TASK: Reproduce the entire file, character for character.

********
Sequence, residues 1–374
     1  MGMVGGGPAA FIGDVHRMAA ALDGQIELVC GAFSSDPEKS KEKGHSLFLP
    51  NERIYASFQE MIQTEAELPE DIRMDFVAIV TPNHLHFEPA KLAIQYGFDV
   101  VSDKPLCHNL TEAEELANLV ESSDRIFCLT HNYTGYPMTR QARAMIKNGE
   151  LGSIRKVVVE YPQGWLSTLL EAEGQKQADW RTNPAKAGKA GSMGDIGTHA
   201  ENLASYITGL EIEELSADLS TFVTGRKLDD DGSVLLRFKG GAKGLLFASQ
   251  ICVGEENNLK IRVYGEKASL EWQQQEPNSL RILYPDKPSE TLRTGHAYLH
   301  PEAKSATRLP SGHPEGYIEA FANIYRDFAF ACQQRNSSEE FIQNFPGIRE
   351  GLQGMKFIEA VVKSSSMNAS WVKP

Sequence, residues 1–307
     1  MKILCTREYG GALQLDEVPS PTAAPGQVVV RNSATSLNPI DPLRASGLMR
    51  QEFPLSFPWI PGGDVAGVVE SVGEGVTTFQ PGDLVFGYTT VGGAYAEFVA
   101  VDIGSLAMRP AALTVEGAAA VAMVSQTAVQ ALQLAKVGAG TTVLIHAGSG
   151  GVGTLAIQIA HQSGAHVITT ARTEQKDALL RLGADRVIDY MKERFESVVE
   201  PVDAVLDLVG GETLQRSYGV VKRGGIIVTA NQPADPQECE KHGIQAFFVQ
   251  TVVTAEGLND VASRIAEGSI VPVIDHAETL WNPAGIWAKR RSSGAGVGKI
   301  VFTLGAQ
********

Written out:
Sequence, residues 1–374
     1  MGMVGGGPAA FIGDVHRMAA ALDGQIELVC GAFSSDPEKS KEKGHSLFLP
    51  NERIYASFQE MIQTEAELPE DIRMDFVAIV TPNHLHFEPA KLAIQYGFDV
   101  VSDKPLCHNL TEAEELANLV ESSDRIFCLT HNYTGYPMTR QARAMIKNGE
   151  LGSIRKVVVE YPQGWLSTLL EAEGQKQADW RTNPAKAGKA GSMGDIGTHA
   201  ENLASYITGL EIEELSADLS TFVTGRKLDD DGSVLLRFKG GAKGLLFASQ
   251  ICVGEENNLK IRVYGEKASL EWQQQEPNSL RILYPDKPSE TLRTGHAYLH
   301  PEAKSATRLP SGHPEGYIEA FANIYRDFAF ACQQRNSSEE FIQNFPGIRE
   351  GLQGMKFIEA VVKSSSMNAS WVKP

Sequence, residues 1–307
     1  MKILCTREYG GALQLDEVPS PTAAPGQVVV RNSATSLNPI DPLRASGLMR
    51  QEFPLSFPWI PGGDVAGVVE SVGEGVTTFQ PGDLVFGYTT VGGAYAEFVA
   101  VDIGSLAMRP AALTVEGAAA VAMVSQTAVQ ALQLAKVGAG TTVLIHAGSG
   151  GVGTLAIQIA HQSGAHVITT ARTEQKDALL RLGADRVIDY MKERFESVVE
   201  PVDAVLDLVG GETLQRSYGV VKRGGIIVTA NQPADPQECE KHGIQAFFVQ
   251  TVVTAEGLND VASRIAEGSI VPVIDHAETL WNPAGIWAKR RSSGAGVGKI
   301  VFTLGAQ